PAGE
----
Cooper Sees 3Q Results Fall
Driven by operating losses in all of its tyre units, Cooper Tire & Rubber Co finished the third quarter with a net loss of $1 million and sales that nudged just 1 per cent over last year’s results. Analysts described the company’s third quarter as “challenging” and warned that there are “more headwinds to come.”
For the quarter, Cooper posted sales of $558 million, up 1 per cent against the same period in 2004. The net loss, said Cooper, came as a result of lower unit sales, higher raw material costs, and “higher reported interest expense.”
For the first nine months of the year, Cooper had sales of $1.6 billion and a net loss of $9 million, compared to net sales of $1.5 billion and net income of $24 million in the first nine months of 2004.
Cooper’s North American tyre operations had sales of $509 million for the quarter, up 2 per cent versus. the $499 million posted for the third quarter of 2004. Operating profit for the unit was down to $17 million from $24 million last year.
International Tire operations reported quarterly sales of $68 million, up 2 per cent compared to the same period in 2004. Net loss was less than $1 million, said Cooper, compared to a net profit of $3 million last year.
“Our sales were softer than we anticipated throughout the quarter and lagged the markets in July and August,” said Tom Dattilo, Cooper chairman, president and CEO. “We saw improvement and gained market share in September, but it was not enough to overcome the slow start in the quarter. We made good progress in restoring production levels in our plants. Production on an equivalent unit basis was up for the quarter overall and more so in September. Our order fill rates and the availability of critical, high-demand products continued to improve and these will be key factors as we work hard to regain business, particularly with our independent dealers, going forward.”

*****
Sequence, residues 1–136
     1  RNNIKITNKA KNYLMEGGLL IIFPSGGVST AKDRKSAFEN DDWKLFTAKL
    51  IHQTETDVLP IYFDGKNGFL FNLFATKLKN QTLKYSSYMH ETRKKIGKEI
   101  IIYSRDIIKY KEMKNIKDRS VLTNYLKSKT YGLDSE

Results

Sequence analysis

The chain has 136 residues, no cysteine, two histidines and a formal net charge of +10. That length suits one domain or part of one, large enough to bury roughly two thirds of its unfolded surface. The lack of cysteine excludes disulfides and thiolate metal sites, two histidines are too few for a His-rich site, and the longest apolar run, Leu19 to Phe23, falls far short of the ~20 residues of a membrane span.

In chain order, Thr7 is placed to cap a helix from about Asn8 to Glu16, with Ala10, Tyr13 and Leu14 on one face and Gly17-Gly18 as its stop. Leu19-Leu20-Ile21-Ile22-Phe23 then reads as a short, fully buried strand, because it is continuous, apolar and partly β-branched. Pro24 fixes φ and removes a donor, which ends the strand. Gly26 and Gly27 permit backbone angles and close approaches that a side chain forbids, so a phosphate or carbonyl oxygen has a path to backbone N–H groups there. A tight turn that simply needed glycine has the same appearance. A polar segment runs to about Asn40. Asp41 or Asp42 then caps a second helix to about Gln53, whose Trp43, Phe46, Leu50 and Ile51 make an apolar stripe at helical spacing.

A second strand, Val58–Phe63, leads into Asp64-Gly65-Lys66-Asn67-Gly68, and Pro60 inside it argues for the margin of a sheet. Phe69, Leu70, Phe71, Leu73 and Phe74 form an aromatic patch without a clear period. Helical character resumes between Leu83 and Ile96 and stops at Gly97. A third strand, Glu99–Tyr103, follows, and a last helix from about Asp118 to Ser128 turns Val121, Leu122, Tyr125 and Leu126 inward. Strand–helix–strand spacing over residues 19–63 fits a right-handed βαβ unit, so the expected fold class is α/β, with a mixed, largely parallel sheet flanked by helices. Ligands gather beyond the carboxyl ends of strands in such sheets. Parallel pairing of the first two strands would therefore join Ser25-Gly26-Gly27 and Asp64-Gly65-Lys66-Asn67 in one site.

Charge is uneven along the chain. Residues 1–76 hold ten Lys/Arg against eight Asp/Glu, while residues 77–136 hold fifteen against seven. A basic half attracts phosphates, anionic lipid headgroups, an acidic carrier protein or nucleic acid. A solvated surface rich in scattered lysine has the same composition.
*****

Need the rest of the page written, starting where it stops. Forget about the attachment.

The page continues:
“While mix and pricing were favourable in the quarter (average transaction prices were up 9 per cent), higher raw material costs and reduced shipments significantly lowered profits,” Deutsche Bank analysts observed.
“Given that Goodyear reported flat North American 3Q shipments last week, we remain concerned that Cooper is losing significant market share. While we continue to believe that CTB could be headed for profit improvement next year, the magnitude of this improvement has come into question as a result of execution problems and market share losses,” the analysts explained, maintaining their hold rating for the company.
Looking forward, Dattilo said: “We are excited about the growth potential in Asia as we complete and begin to leverage our acquisition of a majority interest in Cooper Chengshan Passenger Tire Co and in Cooper Chengshan Truck Tire Co in China.
“We are cautiously optimistic about our opportunities to increase sales in North America in the fourth quarter. However, we still face challenges in our broadline sales and uncertainty remains in the tyre industry specifically and in the broader economy in North America and key regions around the world. Raw material prices and energy costs are still headed higher. In addition, it is very difficult at this point to accurately assess the current and future strength of global tyre markets, particularly in North America, where the impact of higher gasoline prices, declining consumer confidence and the lingering impact of hurricanes in Florida, Mississippi, Louisiana and Texas cannot yet be measured.”